The concrete delivery model directly benefits Australian businesses. The transferable value makes partnerships more attractive.
Making sure of quality outcomes
Large-scale work-integrated learning initiatives exist. Swinburne University of Technology has announced it will offer work-integrated learning to all undergraduate degree students. At this scale, effective governance with defined quality standards and output measures is imperative.
Universities and educational groups have developed such systems. The University of Waterloo, Canada, developed a work-integrated learning quality framework to govern quality internally. The Australian Collaborative Education Network provides a framework for member universities to control process and product quality.
When applied comprehensively, these frameworks provide transparency on the use of WIL funding.
Governance systems also enhance educators’ accountability for investments by industry partners. The University of Tasmania, for example, developed an evaluation tool to identify areas for curriculum improvement.
High-quality learning experiences depend on excellent teaching. Effective governance systems can ensure it’s delivered.
Creating infrastructure to support work-integrated learning
Early WIL efforts focused on creating boutique-style learning for small cohorts of students. This teaching format places high demands on educators. The demands will increase as we expand work-integrated learning.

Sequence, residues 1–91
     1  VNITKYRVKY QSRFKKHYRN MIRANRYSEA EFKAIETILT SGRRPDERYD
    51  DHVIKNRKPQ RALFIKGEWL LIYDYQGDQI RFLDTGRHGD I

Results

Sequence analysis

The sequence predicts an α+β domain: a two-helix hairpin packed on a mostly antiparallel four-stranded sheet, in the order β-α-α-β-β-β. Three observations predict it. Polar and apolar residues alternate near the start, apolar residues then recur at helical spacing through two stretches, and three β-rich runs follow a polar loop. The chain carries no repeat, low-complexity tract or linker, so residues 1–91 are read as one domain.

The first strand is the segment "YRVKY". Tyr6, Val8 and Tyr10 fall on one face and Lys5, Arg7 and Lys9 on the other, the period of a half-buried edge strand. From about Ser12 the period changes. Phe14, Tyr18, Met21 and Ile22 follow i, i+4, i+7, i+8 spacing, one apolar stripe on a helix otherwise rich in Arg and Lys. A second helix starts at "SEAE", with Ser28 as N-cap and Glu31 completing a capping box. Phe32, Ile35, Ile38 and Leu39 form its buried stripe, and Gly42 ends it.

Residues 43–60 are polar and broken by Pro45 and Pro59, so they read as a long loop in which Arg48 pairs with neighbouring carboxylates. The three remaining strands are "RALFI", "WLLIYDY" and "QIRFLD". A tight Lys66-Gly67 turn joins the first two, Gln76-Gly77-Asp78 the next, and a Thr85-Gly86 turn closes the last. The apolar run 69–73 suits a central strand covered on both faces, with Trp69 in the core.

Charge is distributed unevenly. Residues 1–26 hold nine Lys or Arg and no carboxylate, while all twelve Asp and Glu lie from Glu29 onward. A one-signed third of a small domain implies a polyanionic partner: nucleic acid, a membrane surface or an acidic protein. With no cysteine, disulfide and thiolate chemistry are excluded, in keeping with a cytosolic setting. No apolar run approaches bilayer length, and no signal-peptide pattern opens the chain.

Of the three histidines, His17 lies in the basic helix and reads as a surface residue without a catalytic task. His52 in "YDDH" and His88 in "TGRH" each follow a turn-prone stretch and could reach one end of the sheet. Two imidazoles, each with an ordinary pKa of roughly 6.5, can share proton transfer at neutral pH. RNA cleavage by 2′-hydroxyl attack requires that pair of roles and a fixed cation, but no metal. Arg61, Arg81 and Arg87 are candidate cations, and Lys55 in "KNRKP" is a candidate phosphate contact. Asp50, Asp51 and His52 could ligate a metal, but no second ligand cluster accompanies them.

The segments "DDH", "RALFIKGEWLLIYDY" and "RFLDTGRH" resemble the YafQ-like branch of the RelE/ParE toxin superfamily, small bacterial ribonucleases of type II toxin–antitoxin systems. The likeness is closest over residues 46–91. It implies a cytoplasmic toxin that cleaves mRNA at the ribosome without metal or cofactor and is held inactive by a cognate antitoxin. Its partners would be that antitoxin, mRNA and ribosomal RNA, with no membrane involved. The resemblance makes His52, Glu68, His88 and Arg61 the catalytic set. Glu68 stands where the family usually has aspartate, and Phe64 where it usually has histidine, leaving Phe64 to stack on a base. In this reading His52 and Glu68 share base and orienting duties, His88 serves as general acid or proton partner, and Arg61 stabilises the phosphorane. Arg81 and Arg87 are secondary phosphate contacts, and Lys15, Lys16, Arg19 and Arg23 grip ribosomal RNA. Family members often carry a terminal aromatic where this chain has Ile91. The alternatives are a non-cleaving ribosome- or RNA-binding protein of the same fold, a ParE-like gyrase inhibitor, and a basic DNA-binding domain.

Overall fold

The government’s funding under the Job-ready Graduates Package aims to increase the number and variety of WIL programs. Not surprisingly, universities are ramping up their efforts to meet government funding requirements. This is a risky strategy.
The delivery of more boutique-style programs is not sustainable in the long term. A mental shift is required to focus on creating infrastructure for large-scale work-integrated learning.
For example, Monash University provides an academic tool kit with the fundamental building blocks for work-integrated learning. Educators save time and effort as they only need to contextualise the blocks for a particular initiative.
The essential elements for work-integrated learning to be done well include:
- the experience is authentic for all students
- all stakeholders receive concrete benefits
- teaching frameworks must be adaptable
- governance systems ensure this all happens.
Then work-integrated learning is worth the government’s investment.
Sabine Matook was the lecturer for the university course and as such interacted with the industry partners, particularly representatives from Variety Queensland and Mendix.
Angie Knaggs does not work for, consult, own shares in or receive funding from any company or organisation that would benefit from this article, and has disclosed no relevant affiliations beyond their academic appointment.
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This content was originally published by The Conversation. Original publishers retain all rights. It appears here for a limited time before automated archiving. By The Conversation